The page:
When it comes to the diseases that impact our collective, we tend to instinctively look outward for cures and solutions. As an example, notice how we are waiting on a coronavirus vaccine to remedy the current pandemic.
What if you had access to a medicine that could strengthen our immunity, reduce risk of disease, and make us feel better? Wouldn’t you line up to take it?
It turns out such a medicine already exists. That medicine is called compassion.
In honor of World Compassion Day, here’s an overview of the healing powers of compassion.
What is Compassion?
the feeling that arises when we are confronted with another’s suffering and feel motivated to relieve that suffering.
It’s a mix of empathy, which allows us to take the perspective of and feel the emotions of another, and action.
The Latin roots of compassion literally mean to suffer with.
The prefix com means to make common, as in communication and community.
Compassion is how we dissolve the artificial separation we feel when we get into fear states. Through compassion we remember that we are all connected.
Benefits of Compassion
This isn’t just woo. Scientists have begun to map the biological basis for compassion.
According to the Greater Good Science Center at Berkeley, research shows that when we feel compassion, our heart rate slows down, we secrete the “bonding hormone” oxytocin, and regions of the brain linked to empathy, caregiving, and feelings of pleasure light up.
Other research shows that:
- Compassion can reduce risk of heart disease by boosting the positive effects of the Vagus Nerve, which helps to slow our heart rate.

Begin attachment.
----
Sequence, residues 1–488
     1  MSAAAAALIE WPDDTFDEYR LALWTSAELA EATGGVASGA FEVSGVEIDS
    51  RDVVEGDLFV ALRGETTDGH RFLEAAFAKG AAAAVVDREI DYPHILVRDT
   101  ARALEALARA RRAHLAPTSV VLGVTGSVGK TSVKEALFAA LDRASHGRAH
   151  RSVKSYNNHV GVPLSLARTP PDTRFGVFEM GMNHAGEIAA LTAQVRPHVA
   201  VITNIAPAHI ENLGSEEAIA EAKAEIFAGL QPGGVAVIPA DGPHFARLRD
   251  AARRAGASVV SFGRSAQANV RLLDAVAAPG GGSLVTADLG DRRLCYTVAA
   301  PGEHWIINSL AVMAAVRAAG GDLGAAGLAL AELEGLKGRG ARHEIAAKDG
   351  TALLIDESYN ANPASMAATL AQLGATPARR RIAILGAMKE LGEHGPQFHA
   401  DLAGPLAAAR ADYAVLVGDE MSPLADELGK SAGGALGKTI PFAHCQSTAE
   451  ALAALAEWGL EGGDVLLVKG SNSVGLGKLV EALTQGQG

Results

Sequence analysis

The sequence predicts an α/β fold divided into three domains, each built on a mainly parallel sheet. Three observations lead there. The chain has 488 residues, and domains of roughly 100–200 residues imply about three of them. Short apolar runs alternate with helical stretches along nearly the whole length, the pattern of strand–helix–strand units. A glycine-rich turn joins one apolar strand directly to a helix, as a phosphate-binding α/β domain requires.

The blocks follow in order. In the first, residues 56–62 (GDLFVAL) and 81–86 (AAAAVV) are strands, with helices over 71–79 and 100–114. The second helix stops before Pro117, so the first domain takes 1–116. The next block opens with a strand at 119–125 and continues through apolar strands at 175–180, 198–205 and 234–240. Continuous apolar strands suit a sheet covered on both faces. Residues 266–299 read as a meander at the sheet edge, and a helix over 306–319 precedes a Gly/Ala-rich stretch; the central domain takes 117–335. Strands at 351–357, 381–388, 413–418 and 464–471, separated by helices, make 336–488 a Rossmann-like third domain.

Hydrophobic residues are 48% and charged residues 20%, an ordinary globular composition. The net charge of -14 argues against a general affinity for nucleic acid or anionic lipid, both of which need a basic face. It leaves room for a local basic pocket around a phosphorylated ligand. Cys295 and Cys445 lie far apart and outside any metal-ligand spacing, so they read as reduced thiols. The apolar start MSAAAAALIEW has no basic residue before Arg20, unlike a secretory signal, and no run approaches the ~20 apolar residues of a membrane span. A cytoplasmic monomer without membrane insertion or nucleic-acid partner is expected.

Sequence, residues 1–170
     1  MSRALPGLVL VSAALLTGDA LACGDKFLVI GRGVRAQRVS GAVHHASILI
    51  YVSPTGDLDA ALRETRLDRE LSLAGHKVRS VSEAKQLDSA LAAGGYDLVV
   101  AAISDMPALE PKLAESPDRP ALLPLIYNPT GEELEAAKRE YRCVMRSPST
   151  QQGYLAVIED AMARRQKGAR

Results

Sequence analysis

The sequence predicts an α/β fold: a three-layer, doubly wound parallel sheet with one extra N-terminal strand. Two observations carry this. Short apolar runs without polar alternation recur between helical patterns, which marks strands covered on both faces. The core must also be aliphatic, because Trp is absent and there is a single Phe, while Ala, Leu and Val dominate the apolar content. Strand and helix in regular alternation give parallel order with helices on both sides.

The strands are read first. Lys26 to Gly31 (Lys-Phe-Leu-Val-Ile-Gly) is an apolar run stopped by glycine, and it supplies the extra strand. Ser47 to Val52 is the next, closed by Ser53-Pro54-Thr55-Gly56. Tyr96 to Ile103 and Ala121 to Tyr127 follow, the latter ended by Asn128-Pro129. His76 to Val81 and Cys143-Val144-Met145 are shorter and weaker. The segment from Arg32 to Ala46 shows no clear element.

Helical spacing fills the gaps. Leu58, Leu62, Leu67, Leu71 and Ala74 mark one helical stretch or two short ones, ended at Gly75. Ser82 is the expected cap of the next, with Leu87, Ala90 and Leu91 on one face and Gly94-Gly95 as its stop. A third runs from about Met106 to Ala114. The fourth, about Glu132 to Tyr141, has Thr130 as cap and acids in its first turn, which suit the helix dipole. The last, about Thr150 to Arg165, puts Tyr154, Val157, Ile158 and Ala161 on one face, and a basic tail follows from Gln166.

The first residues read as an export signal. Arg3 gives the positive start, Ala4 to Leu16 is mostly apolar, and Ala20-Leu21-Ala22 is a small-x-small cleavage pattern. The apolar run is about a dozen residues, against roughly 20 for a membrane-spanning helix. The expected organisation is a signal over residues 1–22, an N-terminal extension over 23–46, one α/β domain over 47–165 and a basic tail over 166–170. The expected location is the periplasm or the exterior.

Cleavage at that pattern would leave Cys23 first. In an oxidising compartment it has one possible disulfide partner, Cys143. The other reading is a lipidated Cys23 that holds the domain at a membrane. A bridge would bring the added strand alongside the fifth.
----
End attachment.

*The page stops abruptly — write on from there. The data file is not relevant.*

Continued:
- Compassion makes people more resilient to stress and strengthens the immune response.
- Compassionate people are more socially adept, making them less vulnerable to the negative health effects of loneliness
- Compassionate societies—those that take care of their most vulnerable members, assist other nations in need, and have children who perform more acts of kindness—are the happiest societies
Research also suggests that compassion is contagious. We best teach compassion to others by practicing it in public.
Compassion Starts Within
Compassion toward others is important, and also we must be compassionate toward ourselves.
Research shows that self-compassion decreases anxiety and helps us avoid self-destructive patterns of fear, negativity, and isolation.
When we practice self-compassion, we are better able to notice our strengths and orient to what gives us joy. We have less conflict, less judgment, and more peace of mind.
And because compassion is contagious, practicing self-compassion gives us access a deeper well of compassion for others.
Best of all, compassion is free, and always available to us.